The Political Lives of Dead Bodies: Reburial and Postsocialist Change

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Columbia University Press, 1999 - Social Science - 185 pages
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As socialist regimes crumbled across Eastern Europe and statues of their leaders were dismantled, another pattern arose in the former Iron Curtain nations: the bodies of political leaders, revolutionary heroes, artists, and other luminaries were taken from their graves to be reinterred - and in many cases, repatriated - in new, symbolically charged locations. What forces inspired these exhumations of long-dead spirits of Eastern Europe's past, from composer Bela Bartok's New York-Budapest journey to evictions of a group of Romanian communist leaders from their exalted mausoleums to a scattering of humble graveyards? What are the effects for the living of removing the bones of the dead from their resting places for ceremonial - or unceremonious - reburial?

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The political lives of dead bodies: reburial and postsocialist change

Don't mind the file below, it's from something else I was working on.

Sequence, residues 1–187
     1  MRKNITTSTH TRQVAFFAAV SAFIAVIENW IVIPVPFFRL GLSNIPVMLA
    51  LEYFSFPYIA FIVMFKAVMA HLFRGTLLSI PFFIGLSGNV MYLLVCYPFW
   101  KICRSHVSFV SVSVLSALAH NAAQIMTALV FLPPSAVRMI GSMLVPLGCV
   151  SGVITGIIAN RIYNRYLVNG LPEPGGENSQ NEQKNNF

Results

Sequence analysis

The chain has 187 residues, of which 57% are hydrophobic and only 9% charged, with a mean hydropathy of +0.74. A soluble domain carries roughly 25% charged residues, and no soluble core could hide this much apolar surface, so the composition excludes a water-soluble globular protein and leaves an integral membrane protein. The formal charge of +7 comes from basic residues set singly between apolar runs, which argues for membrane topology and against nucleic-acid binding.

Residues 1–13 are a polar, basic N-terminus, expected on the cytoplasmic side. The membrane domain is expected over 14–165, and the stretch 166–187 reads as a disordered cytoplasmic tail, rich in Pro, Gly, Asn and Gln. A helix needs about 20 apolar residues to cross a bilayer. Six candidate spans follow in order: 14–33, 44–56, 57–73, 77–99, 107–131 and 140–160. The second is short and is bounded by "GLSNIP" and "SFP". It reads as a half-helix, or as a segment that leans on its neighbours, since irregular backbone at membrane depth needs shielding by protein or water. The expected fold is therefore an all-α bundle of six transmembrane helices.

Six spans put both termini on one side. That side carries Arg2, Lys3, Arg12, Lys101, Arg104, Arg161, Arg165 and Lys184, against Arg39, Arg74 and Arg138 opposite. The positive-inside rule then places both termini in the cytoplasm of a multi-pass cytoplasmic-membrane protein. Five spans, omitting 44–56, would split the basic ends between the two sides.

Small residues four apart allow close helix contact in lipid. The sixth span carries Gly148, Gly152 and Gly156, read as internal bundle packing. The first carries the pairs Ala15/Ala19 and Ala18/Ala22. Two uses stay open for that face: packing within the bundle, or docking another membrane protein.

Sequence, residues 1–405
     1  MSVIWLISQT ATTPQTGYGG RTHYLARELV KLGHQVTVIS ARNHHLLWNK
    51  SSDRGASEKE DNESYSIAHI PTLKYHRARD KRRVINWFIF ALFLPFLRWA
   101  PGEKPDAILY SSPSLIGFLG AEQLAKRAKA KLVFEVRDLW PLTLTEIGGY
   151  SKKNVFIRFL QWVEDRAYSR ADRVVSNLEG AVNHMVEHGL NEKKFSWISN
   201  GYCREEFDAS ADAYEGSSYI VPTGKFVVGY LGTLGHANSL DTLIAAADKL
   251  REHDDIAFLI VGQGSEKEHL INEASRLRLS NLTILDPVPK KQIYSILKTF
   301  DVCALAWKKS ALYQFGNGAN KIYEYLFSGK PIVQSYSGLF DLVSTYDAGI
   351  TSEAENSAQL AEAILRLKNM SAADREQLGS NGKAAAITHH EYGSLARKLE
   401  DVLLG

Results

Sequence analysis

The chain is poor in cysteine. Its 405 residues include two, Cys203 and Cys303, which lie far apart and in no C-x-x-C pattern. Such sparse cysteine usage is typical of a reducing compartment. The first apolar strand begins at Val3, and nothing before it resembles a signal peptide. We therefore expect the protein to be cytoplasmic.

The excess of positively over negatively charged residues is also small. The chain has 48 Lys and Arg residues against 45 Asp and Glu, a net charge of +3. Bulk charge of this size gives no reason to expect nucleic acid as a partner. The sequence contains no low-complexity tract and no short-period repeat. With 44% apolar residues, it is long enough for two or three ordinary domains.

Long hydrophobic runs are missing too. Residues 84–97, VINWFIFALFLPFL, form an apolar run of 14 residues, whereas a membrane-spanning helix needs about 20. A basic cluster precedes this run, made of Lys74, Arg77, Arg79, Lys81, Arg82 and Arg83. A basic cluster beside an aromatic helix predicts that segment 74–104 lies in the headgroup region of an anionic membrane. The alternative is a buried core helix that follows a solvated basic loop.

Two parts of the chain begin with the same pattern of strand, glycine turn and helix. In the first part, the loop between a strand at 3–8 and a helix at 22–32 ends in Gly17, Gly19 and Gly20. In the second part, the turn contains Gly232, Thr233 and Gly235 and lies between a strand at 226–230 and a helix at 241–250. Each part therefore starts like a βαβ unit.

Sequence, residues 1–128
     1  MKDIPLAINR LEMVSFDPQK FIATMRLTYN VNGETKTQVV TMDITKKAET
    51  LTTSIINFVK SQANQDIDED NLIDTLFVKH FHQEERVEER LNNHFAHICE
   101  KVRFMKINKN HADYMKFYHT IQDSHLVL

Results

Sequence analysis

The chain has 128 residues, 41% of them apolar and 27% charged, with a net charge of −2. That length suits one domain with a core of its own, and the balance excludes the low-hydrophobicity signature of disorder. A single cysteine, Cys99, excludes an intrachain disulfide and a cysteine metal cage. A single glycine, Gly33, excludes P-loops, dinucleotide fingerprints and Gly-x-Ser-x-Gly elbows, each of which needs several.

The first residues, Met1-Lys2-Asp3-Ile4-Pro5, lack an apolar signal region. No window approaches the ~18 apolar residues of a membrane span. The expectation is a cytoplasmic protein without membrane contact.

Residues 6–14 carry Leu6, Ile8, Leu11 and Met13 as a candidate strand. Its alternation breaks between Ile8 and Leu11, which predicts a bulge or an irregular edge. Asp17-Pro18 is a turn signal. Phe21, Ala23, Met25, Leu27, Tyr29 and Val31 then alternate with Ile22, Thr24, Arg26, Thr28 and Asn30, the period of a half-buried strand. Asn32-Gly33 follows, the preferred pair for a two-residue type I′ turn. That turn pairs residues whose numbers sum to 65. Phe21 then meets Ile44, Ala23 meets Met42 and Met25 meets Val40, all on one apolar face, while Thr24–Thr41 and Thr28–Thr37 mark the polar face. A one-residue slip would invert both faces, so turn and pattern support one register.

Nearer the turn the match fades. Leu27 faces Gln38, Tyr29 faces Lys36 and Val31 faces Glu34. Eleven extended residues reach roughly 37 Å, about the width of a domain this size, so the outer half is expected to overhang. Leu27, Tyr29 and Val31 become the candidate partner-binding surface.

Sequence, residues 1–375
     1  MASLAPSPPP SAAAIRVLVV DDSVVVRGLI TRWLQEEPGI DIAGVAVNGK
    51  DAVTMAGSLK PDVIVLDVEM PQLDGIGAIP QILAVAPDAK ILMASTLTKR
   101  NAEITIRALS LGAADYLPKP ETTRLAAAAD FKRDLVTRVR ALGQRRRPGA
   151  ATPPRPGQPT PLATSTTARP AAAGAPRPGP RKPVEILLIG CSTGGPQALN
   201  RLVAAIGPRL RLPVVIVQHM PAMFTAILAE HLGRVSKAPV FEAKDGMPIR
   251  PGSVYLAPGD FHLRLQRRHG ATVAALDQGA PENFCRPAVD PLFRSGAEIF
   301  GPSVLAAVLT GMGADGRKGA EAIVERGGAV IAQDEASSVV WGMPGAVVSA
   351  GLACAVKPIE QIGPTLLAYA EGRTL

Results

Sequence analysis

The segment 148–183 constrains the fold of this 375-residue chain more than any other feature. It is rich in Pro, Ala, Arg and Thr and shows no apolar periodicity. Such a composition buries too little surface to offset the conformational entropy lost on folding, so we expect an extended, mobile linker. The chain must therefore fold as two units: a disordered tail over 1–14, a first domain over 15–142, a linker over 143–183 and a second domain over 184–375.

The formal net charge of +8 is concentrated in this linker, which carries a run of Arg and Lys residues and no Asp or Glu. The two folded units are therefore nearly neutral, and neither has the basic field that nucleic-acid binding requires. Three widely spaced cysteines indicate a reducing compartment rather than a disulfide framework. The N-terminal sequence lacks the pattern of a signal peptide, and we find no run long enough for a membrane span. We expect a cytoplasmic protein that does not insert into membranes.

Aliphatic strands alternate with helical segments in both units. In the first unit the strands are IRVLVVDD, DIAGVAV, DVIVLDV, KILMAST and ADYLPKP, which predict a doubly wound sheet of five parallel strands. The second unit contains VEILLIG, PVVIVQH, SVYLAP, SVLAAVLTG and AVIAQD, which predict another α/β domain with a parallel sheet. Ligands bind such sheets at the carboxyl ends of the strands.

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In this intriguing book, anthropologist Verderyby her own admission a student of dead-body politicspoints out that some corpses have lived interesting livesabove all in Eastern Europe since the fall ... Read full review

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About the author (1999)

Katherine Verdery is Eric R. Wolf Professor of Anthropology at the University of Michigan. She is the author of What Was Socialism, and What Comes Next?; National Ideology Under Socialism;and Transylvanian Villagers.

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